While this ‘port’ from one popular cultural artifact (Game of Thrones, Walking Dead) might not be a more than another remediation, it provides a key bridge between the original sandbox game, which is mostly autotelic in nature, to one which is clearly a consumer-driven product that expands the franchise. For parents who didn’t see the ‘point’ of Minecraft, this new title presents itself in a much more recognisable form. Unlike the developers other titles, Minecaft Story Mode isn’t bound by it’s original ‘show’. It’s likely that they can sell ‘new adventures’ to players for the foreseeable future. The hardcore Minecrafters will carry on with their creative labours and server-owners will continue to farm ‘mini-game’ players. Story Mode isn’t Minecraft. It’s a game which is based on Minecraft, paying closer attention to YouTube popularity than the original game.

Story Mode is a potential gateway game from endless hours of personal creativity and mini-gaming (which comes with many issues for parents) to a game which leads kids into the well-established narrative-games. It remains to be seen if Story Mode has any new ‘literacy’ value to children, but it certainly has tremendous cross-platform economic value to the developers.  It also serves to mask some of the concerns parents have over Minecraft “over use” and the kind of trading, collecting and behavioral conditions present on mini-game servers. Minecraft has effectively had a sizeable PR overhaul in Story Mode as well as another injection of cash for its owners.

Creative Writing Games for Stage 3 and above

I don’t like ‘ice-breakers’ as a rule. They tend to be far too pushy for people who are naturally introverted. So as I thought about kicking off a new set of Year 7s this week, I opted to create a simple writing game which later we’ll use as the basis for art making – drawings made from text. This is an example – and great for getting people who think they can’t draw to write (and then make a drawing). The game is designed for table work, so I’d suggest 2-8 players. It lasts about an hour. You’ll notice in the games that there are objects. For my purpose these things are simply concepts, but they could be physical things or even mathematical formulas etc., It’s a pretty low tech game, but I guess you could do this online.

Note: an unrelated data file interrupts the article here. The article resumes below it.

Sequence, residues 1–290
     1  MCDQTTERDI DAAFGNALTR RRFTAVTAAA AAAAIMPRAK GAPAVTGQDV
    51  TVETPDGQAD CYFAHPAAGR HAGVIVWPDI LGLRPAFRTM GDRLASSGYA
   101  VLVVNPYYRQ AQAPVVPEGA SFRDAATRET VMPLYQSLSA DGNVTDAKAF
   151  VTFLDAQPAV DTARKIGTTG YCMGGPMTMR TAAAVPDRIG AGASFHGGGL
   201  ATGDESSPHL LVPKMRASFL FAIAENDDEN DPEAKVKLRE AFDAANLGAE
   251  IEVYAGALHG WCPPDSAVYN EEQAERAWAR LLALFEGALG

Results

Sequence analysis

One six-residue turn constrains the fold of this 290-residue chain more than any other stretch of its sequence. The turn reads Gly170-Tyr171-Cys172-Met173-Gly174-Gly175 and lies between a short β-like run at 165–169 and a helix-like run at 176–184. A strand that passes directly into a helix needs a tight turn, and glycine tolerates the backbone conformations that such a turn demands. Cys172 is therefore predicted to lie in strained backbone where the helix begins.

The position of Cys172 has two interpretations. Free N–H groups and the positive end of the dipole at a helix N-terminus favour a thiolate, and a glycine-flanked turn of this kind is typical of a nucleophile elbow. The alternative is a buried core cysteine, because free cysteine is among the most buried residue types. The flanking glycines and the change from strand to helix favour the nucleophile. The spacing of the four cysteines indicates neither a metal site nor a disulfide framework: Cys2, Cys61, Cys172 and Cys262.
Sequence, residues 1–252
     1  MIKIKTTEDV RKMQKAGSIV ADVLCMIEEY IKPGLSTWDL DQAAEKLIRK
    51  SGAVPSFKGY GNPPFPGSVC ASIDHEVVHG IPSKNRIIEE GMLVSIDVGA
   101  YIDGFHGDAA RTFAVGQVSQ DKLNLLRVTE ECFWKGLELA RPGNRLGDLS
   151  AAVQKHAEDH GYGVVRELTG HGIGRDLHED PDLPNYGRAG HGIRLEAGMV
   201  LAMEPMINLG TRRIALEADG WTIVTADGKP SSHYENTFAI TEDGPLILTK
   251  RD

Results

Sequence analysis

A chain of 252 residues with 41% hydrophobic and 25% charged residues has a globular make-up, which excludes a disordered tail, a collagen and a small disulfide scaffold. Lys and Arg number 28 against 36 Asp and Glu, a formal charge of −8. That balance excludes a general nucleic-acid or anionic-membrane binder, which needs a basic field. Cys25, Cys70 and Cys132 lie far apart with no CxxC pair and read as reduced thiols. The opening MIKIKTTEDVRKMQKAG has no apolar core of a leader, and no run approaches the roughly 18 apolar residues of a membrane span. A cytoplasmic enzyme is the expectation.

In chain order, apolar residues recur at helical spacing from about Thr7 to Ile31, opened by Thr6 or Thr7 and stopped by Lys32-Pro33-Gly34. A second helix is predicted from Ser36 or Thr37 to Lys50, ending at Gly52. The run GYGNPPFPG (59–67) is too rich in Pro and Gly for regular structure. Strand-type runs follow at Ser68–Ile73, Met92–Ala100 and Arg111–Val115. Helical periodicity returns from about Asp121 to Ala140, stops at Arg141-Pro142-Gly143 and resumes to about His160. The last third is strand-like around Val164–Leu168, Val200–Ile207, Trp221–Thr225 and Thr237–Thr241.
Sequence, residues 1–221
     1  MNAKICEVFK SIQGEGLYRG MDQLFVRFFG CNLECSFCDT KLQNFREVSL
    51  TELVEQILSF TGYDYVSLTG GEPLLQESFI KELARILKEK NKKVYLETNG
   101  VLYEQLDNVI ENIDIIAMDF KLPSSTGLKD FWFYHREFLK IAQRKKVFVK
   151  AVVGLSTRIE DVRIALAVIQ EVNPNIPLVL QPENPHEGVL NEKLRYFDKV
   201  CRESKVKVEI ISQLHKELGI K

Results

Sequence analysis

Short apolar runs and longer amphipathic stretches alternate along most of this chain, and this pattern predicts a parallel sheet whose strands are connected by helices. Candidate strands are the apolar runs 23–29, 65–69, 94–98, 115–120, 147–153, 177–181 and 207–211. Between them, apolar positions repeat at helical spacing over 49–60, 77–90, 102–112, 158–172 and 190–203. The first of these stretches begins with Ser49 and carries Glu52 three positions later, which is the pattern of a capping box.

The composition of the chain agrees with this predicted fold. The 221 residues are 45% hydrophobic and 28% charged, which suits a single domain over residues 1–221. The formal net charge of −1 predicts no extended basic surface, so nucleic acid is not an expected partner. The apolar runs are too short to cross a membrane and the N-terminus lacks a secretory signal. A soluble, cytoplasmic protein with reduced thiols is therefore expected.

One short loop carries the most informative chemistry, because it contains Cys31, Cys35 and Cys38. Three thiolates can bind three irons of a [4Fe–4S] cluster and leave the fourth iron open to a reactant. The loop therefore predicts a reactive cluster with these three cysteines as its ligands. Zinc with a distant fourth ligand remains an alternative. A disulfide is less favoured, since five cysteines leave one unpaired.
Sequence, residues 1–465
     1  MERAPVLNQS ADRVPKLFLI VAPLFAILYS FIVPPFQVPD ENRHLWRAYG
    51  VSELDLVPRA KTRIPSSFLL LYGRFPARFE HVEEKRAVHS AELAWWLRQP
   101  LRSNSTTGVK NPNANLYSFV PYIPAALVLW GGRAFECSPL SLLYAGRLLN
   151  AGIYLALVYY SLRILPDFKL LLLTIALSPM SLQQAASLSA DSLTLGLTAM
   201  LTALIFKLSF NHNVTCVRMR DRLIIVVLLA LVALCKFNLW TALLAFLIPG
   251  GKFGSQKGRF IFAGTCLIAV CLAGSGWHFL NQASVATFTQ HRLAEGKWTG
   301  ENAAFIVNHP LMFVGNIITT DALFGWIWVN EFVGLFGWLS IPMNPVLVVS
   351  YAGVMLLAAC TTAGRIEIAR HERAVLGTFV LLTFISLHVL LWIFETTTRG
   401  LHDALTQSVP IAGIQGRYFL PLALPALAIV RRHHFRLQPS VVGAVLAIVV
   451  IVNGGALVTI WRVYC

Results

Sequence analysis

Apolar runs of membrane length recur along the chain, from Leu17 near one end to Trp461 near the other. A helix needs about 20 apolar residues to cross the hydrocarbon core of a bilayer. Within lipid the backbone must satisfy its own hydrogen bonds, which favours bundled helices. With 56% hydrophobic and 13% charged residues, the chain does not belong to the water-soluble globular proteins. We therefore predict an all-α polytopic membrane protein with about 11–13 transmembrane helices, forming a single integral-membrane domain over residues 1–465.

The aim of the activity is to get students to think creatively and to critically follow rules to re-frame their original position. Let me know if you use it or modify it! Creative story writing game.

What’s in your fantasy school arcade?

By now you’ve probably worked out I’m a fan of using video-games, and see them as essential to any effort to use digital-media with school children. At the same time games  are “Vegas’ed” — meaning moved off the strip — by many school systems — in favour of media-forms they see as less controversial. This isn’t just software — we’re talking here about physical space — actual walk-in spaces in schools. In an era of open-plan, idea-paint and primary coloured cube-chairs — no ones building arcades.

Imagine you had 20 arcade cabs in a school where kids could go and choose to play one or other game. What would you include on the machines? Why would being able to wander in and play it — be educational or useful?